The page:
2x4 and a sledge hammer.
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Old 04-26-07, 03:04 PM   #22
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Quote:
Originally Posted by LóFarkas
Is the wheel in the centerline of the frame now or not?

I'm not sure I'd bother bending the seatstay back and risking further damage if the wheel is centered.
well the alignment has to be off somewhat unless the frame was out of alignment to begin with and/or the metal has stretched(?) and is still in perfect alignment..
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Old 04-26-07, 03:42 PM   #23
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step 1, strip bike... wheels, cranks and forks aren't really going to help you in this process, chainrings are sharp & could hurt you, wheels may be untrue & not good to align to, and anything else could get damaged by a 2x4, missle or whatever. that's my .02.

tip 1, is to close a large sized crescent wrench on the flat part if the track end. slide a pipe over the wrench as a lever and you can tweak the ends back into place.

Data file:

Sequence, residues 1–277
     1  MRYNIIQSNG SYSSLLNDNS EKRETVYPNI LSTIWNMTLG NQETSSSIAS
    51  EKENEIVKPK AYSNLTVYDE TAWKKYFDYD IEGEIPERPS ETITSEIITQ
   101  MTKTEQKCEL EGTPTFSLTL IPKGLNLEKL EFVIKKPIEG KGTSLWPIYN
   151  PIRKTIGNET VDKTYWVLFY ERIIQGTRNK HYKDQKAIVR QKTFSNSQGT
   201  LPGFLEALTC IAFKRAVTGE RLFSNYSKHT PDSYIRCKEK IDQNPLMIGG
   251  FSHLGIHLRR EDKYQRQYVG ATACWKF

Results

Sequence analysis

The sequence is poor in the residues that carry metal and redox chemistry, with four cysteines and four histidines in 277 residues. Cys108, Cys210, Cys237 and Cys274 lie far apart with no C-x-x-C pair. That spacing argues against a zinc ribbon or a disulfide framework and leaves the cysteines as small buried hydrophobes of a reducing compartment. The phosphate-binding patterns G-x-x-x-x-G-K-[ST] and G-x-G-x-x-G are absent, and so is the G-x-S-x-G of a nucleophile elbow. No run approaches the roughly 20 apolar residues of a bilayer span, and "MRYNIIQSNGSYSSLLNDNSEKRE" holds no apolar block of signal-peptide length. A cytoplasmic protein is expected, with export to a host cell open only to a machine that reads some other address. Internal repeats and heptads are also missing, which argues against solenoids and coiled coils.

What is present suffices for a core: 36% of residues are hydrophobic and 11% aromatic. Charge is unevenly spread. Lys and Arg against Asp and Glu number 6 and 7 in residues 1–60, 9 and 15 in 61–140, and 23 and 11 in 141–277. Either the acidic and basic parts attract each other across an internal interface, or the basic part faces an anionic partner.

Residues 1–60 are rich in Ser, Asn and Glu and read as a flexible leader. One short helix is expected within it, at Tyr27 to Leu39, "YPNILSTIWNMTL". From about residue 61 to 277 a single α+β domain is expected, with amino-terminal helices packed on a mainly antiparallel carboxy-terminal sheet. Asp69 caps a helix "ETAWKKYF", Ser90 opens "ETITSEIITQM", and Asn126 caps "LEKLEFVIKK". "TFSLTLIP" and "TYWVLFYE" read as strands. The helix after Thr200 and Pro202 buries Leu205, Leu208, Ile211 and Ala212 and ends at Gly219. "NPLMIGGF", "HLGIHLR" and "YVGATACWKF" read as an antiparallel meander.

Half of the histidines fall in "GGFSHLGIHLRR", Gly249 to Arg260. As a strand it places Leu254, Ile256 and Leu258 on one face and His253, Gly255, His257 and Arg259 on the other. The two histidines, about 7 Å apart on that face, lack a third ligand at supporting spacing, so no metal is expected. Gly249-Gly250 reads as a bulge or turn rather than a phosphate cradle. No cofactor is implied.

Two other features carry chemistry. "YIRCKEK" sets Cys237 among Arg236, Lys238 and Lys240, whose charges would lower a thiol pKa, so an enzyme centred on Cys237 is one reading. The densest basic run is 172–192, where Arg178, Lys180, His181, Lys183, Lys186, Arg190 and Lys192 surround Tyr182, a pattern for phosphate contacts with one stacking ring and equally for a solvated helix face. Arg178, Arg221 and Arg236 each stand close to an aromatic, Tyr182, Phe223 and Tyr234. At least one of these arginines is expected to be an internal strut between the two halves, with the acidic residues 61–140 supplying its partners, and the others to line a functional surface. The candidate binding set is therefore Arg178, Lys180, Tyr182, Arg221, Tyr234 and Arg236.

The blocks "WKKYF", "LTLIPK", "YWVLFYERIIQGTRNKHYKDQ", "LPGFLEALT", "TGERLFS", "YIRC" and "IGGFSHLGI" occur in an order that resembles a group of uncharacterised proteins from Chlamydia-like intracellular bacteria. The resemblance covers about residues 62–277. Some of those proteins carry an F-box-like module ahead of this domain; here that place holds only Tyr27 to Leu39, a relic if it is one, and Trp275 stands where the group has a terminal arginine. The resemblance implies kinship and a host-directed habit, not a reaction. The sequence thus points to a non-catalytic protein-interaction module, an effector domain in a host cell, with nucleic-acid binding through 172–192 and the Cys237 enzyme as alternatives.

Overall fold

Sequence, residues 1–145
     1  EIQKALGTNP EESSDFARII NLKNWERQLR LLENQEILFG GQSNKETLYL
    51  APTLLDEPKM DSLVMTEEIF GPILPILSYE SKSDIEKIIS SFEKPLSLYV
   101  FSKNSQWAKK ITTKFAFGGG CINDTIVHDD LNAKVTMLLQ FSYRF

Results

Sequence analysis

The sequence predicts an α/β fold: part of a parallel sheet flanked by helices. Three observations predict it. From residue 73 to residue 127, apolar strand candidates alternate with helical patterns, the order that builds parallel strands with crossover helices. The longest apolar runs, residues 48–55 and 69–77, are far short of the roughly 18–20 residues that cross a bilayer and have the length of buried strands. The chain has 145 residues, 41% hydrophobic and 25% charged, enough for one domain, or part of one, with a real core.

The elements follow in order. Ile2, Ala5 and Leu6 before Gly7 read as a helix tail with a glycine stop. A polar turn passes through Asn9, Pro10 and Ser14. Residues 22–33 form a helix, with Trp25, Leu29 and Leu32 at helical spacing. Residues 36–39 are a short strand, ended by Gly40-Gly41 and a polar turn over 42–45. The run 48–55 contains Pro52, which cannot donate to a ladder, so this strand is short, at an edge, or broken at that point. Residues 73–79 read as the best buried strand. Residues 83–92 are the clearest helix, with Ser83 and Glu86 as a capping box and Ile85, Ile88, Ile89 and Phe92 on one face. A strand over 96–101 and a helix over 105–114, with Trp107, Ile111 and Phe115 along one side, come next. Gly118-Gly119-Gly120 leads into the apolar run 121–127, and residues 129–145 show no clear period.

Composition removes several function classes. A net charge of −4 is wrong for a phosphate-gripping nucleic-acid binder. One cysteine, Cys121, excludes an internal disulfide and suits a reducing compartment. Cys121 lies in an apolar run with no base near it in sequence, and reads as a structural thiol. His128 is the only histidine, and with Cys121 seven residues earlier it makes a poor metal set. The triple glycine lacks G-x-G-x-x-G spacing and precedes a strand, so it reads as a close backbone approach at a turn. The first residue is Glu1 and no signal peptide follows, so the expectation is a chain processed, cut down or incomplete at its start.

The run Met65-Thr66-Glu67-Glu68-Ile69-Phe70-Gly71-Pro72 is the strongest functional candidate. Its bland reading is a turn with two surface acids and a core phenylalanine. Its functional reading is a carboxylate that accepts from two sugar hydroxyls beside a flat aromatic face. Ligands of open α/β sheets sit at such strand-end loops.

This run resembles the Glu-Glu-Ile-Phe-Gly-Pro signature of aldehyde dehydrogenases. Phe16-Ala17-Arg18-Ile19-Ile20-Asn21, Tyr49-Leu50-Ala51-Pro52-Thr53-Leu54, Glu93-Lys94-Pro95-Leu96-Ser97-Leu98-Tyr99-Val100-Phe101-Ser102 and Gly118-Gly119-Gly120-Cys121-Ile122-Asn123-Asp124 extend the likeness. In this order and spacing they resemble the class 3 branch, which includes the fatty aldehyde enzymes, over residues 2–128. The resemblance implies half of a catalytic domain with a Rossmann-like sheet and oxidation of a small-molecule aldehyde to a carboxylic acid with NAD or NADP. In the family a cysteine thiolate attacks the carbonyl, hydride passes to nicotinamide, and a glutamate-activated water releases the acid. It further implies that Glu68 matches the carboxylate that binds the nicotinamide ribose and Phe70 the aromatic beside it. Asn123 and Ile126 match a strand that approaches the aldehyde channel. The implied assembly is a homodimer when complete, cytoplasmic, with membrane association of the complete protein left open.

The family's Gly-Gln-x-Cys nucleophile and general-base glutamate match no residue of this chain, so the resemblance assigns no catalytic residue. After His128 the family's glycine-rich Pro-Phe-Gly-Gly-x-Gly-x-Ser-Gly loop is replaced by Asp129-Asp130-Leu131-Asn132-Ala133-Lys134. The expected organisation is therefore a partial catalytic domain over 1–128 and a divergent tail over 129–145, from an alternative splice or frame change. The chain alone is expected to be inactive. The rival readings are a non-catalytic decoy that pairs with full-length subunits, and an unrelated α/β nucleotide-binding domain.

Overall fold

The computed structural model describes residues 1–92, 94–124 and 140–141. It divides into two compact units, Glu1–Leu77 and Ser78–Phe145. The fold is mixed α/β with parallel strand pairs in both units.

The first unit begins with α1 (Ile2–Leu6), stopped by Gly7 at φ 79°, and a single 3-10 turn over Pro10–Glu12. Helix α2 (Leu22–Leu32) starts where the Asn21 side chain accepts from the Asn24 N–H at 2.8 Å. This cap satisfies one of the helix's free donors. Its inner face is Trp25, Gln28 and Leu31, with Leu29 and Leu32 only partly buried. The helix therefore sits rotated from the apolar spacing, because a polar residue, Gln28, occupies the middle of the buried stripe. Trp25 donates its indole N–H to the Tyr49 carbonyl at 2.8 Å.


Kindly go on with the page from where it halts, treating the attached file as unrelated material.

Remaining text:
listen to the frame. if it starts sounding like you're overstressing a particular joint, stop.
tip 2, is to use a seamstress tape to measure the frame distances. hold it at the end of the track end and measure to the headtube, both sides. This is easy with the seamstress tape since it's cloth and can wrap around the frame's angles. measure the frame from various points and adjust it till its' smurphy.
tip 3, you can make tube blocks with scraps of lumber to protect the tubing. take 2 pcs of wood, screw them together. drill a hole through the wood where they meet (the hole sized to the diameter of the seatstay for instance), unscrew. now you can use those blocks around the frame member to protect it from the sledgehammer mentioned above.
Also, if you can find a really big flat surface (like momma's granite countertop), lay the frame on it's side and measure various points of the frame off the surface, and compare right to left. don't use the sledgehammer here though...

now someone's gonna tell me i'm full of $hit, but i've used these techniques in the past with varying degrees of success.
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Old 04-26-07, 04:08 PM   #24
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Check with Edwin cycles. If he can't help you out at a price you can live with, maybe he could point you in the right direction. If the bike tracks ok and doesn't do strange things at speed or when you hit bumps or whatever you could probably just ride it.
http://www.edwincycles.com/